The size of the protests threatened Chilean financial and economic power structures, as an estimated one third of the adult population participated (See R. Benedikter and K. Siepmann “Chile: the Switzerland of the South?” Challenge 56, no. 5 (2013): 5-30, from which I obtained much of the data used in this article). This movement and others expressed the people’s deep discontent with the socio-economic model imposed by the dictatorship and then carried over into the subsequent democratic government, a transition mirroring Spain’s in that the economic and financial power structures remained firmly in place.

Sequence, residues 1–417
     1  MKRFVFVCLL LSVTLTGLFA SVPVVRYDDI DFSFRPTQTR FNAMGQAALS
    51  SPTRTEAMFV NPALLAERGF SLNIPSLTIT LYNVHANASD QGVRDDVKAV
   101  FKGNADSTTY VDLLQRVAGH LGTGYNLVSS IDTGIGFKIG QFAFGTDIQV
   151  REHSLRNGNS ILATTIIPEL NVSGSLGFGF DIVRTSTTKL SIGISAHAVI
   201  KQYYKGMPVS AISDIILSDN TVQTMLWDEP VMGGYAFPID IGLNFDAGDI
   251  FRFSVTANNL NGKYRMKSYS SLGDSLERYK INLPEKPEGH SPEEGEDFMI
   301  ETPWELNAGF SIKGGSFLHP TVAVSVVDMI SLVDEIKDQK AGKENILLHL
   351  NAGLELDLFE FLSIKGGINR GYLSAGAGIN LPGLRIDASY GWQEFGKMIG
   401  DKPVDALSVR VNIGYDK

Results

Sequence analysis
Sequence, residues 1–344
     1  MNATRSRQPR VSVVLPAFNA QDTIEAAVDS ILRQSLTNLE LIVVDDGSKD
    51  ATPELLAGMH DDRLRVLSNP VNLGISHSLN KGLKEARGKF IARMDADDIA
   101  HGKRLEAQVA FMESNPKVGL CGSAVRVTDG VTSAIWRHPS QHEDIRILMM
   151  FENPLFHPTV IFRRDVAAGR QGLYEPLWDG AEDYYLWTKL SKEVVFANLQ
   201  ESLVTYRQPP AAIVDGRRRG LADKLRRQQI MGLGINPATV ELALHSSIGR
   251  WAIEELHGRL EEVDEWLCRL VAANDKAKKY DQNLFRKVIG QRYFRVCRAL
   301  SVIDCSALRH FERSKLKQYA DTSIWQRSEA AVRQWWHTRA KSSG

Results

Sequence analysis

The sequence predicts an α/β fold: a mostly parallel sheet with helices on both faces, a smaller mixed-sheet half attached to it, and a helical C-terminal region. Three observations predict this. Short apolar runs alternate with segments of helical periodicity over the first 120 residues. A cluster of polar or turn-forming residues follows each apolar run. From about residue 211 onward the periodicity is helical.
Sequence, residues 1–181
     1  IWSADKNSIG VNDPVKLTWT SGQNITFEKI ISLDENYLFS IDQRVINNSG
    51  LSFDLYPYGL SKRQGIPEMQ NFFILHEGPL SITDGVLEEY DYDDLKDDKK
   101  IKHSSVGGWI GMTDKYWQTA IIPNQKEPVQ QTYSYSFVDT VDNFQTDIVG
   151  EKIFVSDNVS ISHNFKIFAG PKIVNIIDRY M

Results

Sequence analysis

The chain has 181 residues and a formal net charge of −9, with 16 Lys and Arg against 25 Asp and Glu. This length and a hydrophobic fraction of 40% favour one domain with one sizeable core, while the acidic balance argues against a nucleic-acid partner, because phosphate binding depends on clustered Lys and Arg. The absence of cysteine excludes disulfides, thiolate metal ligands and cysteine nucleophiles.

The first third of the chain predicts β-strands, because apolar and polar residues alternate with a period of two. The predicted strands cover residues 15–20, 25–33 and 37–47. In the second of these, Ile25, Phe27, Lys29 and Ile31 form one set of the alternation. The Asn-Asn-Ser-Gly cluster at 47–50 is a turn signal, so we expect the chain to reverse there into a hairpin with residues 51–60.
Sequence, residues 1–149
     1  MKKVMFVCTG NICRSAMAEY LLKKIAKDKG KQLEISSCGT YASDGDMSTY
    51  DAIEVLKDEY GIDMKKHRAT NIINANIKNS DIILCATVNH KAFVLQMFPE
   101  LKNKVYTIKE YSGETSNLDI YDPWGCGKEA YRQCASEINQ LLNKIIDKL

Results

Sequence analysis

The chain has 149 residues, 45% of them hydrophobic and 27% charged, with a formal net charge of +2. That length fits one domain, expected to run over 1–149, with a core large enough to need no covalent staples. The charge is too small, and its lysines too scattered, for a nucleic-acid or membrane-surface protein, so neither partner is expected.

The neoliberal model of the Chicago School

Over the years, the Chilean neoliberal model, designed by scholars from the University of Chicago’s School of Economics and advising the Chilean dictatorship, was hailed as a success. The Wall Street Journal, a right-wing mouthpiece for U.S. financial interests, has especially voiced approval, recently publishing an editorial arguing that Egypt needed a government like that of Pinochet’s dictatorship in order to be successful. Facts cited in support of the Chicago ideology in Chile include the high growth of GDP (6% per year), low unemployment (7%), and high level of foreign and domestic investment. Indeed, these factors and the globally-recognized “success” in Chile enabled its acceptance in the OECD (the club of the richest countries in the world); it was the first Latin American country to join.